Sara Jones, TMMBA Class of 2012 & Assistant Director
The study tour flew by and I haven’t had a chance to blog. It was a packed trip, but amazing. Here’s a rundown of my time in Singapore. I’ll share more about Beijing in the next post.
Our guide taught us about the local people, culture, and current affairs.
Singaporeans are primarily of Malay, Indian, and Chinese descent. This creates a melting pot of food, traditions, and customs. On non-company visit days we toured Little India, the Arab Quarter, Chinatown, and the downtown area. Lin was a character and taught us about the local culture through jokes and stories while we were on our bus. Here are a few things that stood out to me:
- The 5 C’s of Singapore: cash, car, credit card, condominium, and country club. In the Singaporean culture there is a bit of an obsession with material goods. Lin shared that this is due to a cultural importance on impressing others. For example, cars in Singapore are extremely expensive to own, but this is a symbol of status and so many families still own a car.
- The national bird of Singapore is the crane. Everywhere we drove there were cranes working. Singapore has a huge port that is the mainstay of their economy. We learned that Singapore doesn’t produce much raw material or food and is really dependent on trade. There was also a lot of construction going on all over town.
- Compulsory savings accounts & housing. Housing costs were crazy in Singapore! We learned that many local homeowners purchase through a public housing program and pay for it out of a compulsory savings account, the Central Provident Fund (CPF). According to our guide, employees have to put 20% of their salary into the fund and employers pay in 16%. Employees may use a portion of the CPF savings to purchase a home through the public housing program. The remaining amount stays in the fund for healthcare and retirement costs.
- Hawker Centres: I loved the food courts. There were lots of options for dining in Singapore. My favorite was to just head to a local hawker center. These look and feel like food courts, but the have an awesome selection of food and are much better quality than the stereotypical food court in the U.S. Some were outdoor stalls, others were in the basement of malls. All were delicious!
The company visits.
While in Singapore we visited Johnson & Johnson, Singapore Airlines, A*Star, and GE Power & Water.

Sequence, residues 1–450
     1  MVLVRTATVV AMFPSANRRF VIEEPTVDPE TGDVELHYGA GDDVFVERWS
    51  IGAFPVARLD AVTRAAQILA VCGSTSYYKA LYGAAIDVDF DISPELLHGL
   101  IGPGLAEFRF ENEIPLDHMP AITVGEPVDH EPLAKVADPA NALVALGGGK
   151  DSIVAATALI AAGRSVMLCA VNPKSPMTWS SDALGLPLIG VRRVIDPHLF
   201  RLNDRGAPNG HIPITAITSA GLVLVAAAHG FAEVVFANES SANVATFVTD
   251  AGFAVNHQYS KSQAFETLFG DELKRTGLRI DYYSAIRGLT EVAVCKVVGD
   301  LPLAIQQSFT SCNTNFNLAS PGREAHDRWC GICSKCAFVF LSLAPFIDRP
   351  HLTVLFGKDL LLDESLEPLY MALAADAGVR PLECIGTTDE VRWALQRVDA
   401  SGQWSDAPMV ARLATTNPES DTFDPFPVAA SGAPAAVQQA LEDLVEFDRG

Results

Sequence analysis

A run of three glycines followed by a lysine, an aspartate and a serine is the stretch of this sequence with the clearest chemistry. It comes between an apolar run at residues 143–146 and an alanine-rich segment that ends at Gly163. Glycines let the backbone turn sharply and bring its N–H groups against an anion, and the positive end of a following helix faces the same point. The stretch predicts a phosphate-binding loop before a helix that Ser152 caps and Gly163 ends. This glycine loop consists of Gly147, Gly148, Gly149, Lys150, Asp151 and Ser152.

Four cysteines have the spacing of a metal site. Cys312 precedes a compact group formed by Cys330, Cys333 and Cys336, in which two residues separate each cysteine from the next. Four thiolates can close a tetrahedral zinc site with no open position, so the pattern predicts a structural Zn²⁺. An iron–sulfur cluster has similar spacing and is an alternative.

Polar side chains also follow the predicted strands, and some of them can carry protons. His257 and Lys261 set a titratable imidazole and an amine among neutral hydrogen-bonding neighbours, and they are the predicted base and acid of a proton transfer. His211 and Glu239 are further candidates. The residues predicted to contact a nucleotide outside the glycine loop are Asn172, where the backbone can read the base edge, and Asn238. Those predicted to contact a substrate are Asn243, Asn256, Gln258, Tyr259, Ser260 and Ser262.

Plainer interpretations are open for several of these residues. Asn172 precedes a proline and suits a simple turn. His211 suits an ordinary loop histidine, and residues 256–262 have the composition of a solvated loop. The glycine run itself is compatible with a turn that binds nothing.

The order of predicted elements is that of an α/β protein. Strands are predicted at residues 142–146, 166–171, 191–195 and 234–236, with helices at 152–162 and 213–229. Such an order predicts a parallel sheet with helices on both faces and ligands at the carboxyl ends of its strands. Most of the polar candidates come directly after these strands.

At Johnson & Johnson we learned about regulatory affairs for medical devices in Singapore and Asia. J&J setup in Singapore because it’s a hub for access and transportation to Asia and had very attractive tax incentives for international companies. However, medical device is one of the scariest areas for US companies in Asia due to JV and regulatory compliance issues. J&J participates in the Asia Harmonization Working Party, which is a primary platform for exchanging information about medical device regulations. One thing that stuck out to me from their presentation is the complexity of what they are dealing with in Asia. For example, before a group of countries can agree on regulations for a device, it first needs to agree that a specific item is considered a medical device.
During our visit to Singapore Airlines we had a presentation on the airline, it’s competitive landscape, and difficulties facing the industry as well as a tour of their flight-crew training center. The presentation was great, but the tour of the training facility was even more fun. The selection process at Singapore Airlines was likened to American Idol. They hold 6 walk-in crew recruitment sessions a year. Applicants have 1 minute to pitch themselves during rounds of panel interviews. After they narrow it down and select the hires, the new crew head to training. The training program is twice as long as the industry average. It was really interesting to see the training center and how flight attendants are trained– from understanding the airline’s philosophy on customer service to preparing for emergencies.
A*STAR is the Agency for Science, Technology, & Research. We spoke with the Managing Director, Professor Low Teck Seng. A*Star works to promote research and talent that will develop Singapore into a knowledge-based economy. They have 14 science and engineering research institutes and six centers located on their two campuses, called Biopolis and Fusionopolis. They have three areas of current strategic focus. These are to develop their human capital in the areas of science, engineering, and technology; increase the intellectual capital of Singapore; and promote the commercial application of science and technology in Singapore.
GE Power & Water was one of my favorite visits in Singapore. We met with Adil Dhalla, the Director of the Singapore Water Technology Center. He was an engaging presenter and it was interesting to learn about the water reclamation projects in Singapore. His center houses scientists and engineers that are working to solve global water challenges including seawater desalination and water recycling. In Singapore the Public Utility Board calls their reclaimed water NEWater. It’s potable but is mostly used for industries that require high-purity water.
Here are a few more photos from our adventures in Singapore: